Don’t touch

Half the toys tested have unsafe phthalate levels

Published: Sunday 31 January 2010

DonÔÇÖt touch

imageThey lurk inside plastics, and from there migrate to air, food, human body and even unborn babies. Phthalates or phthalate esters are organic chemicals commonly used as plasticizers to make plastic supple. They are responsible for plastic products being cheap, easy to clean—and toxic.

Phthalates can damage the male reproductive system, impair the lungs and affect the duration of pregnancy. They also reach babies through breastfeeding. Animal studies have shown phthalates cross the placenta barrier. Children under three years are more likely to be exposed to phthalates because they tend to chew and suck on plastic toys. Since their metabolic, endocrine and reproductive systems are immature, they are more vulnerable.

Phthalates are produced by removing water molecules from petrochemicals.

They look like clear vegetable oil and are odourless. Till recently di-2-ethylhexyl phthalate (dehp) dominated the use of plasticizers in toys. After scientific studies showed dehp as toxic, di-isononyl phthalate (dinp) has become the most commonly used plasticizer. Studies show dinp is also harmful. The EU and the US strictly regulate the use of phthalates in toys but in India there are no checks on their use.

Lab Report

Delhi ngo Centre for Science and Environment tested 24 toy samples of major brands for the presence of phthalates. In October 2008, it randomly purchased toy samples from markets in Delhi. Fifteen were soft toys and nine hard toys made in four countries. Tests showed all samples contained one or more phthalates— dehp, dinp, dbp ( di-n-butyl phthalate) and bbp (benzyl butyl phthalate), all harmful—in varying concentrations.

imageEleven samples (46 per cent) had phthalates exceeding the EU limit of 0.1 per cent by mass of plasticized material. The threshold limit cannot be set lower than 0.1 per cent as phthalates can be found below this level as contaminants in the manufacturing process even if not used as plasticizers.

dinp was detected in nearly 42 per cent of the samples. In 29 per cent of the samples it exceeded the EU limit. The highest concentration of dinp, which is restricted in the US and EU in toys that can be put in the mouth, was found in the squeaky toys made by Indian company Funskool India. At 16 per cent concentration it was 162 times the EU limit.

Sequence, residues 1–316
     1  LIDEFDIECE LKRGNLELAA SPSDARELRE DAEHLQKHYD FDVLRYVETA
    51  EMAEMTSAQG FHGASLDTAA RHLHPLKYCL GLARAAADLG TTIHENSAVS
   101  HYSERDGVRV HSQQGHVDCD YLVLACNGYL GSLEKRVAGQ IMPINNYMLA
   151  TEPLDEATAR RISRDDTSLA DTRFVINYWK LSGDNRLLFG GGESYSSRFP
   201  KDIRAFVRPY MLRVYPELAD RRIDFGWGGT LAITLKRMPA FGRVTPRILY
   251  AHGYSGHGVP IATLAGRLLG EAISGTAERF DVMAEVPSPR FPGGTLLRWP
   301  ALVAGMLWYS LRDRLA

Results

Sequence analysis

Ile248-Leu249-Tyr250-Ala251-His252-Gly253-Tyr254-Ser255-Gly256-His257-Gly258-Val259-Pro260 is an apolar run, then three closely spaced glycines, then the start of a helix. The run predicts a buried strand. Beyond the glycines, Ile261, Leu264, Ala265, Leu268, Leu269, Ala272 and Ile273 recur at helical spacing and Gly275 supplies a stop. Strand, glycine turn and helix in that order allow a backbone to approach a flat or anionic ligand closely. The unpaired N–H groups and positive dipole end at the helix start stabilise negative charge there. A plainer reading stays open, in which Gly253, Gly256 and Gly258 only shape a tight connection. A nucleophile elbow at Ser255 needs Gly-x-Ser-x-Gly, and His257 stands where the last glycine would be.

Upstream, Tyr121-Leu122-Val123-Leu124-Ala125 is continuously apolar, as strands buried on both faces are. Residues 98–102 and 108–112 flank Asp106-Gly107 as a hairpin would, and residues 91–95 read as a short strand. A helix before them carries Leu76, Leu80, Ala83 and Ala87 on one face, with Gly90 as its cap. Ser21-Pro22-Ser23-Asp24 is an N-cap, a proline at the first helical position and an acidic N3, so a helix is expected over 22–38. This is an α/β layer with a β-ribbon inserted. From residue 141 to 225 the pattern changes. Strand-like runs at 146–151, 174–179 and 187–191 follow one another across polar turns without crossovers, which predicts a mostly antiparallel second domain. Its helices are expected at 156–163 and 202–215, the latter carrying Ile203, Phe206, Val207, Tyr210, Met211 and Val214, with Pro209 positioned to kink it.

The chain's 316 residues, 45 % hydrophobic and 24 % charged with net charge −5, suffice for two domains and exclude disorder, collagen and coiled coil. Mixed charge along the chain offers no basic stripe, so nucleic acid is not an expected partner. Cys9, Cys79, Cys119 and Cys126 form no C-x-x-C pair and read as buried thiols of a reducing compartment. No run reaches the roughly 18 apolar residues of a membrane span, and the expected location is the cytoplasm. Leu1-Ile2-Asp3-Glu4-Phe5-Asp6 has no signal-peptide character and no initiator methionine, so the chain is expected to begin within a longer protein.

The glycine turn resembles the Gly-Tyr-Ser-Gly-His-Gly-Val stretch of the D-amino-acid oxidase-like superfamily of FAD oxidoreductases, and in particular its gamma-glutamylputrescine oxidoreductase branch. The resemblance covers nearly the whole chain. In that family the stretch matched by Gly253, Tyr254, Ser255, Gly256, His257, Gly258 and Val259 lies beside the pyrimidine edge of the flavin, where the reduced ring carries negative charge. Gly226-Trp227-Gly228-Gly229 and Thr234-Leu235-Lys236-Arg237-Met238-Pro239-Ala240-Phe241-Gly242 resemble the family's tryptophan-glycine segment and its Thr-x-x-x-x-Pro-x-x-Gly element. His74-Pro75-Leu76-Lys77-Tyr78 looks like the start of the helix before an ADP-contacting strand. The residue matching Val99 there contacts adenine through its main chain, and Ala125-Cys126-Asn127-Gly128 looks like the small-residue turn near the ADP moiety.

dehp was detected in 96 per cent of the toys but in concentrations below the EU limit, except in a teether and two toys: inflatable bop bag dinosaur (0.2 per cent, twice the EU limit) and bath duck (2.6 per cent). The baby teether ostensibly made of non-toxic, food-grade silicone rubber had dehp at a concentration three times the EU limit. It was made by a company in Taiwan.

dbp was found in soft and hard biters at levels two times the EU limit.

The majority of the toys, which contained high levels of phthalates, were made in China. Six squeeze toys from China contained phthalates two to 80 times above the EU limit. Four of these were made by Lovely Collection, which did not even bother to mention the address of the manufacturer and the date of manufacture on the package.

How harmful?

It is considered one of the most toxic phthalates and has been banned in toys in several countries. Exposure to it via house dust is known to cause asthma and allergy in children. In mammals it has been found to interfere with male and female reproductive systems such as early development of testes. It has also been found responsible for poor semen quality, genital defects and premature breast development in humans, and reduced testosterone in male rats. Exposure to DEHP during pregnancy has also been linked to pre-term birth in human beings.

DINP: Prenatal toxicity studies on rats have shown slightly increased rates of skeletal retardation and occurrence of soft tissue and skeletal malformations. When fed to rats it leads to increased liver and kidney weights.

DBP: It has been linked to poor semen quality in men, premature breast development in females and asthma and allergic symptoms in children. In male rat pups developmental defects similar to the testicular dysgenesis syndrome have been documented. Genital defects and reduced anogenital distance—between the anus and the base of the penis—a sign of reproductive disorder, in male rats have also been observed.

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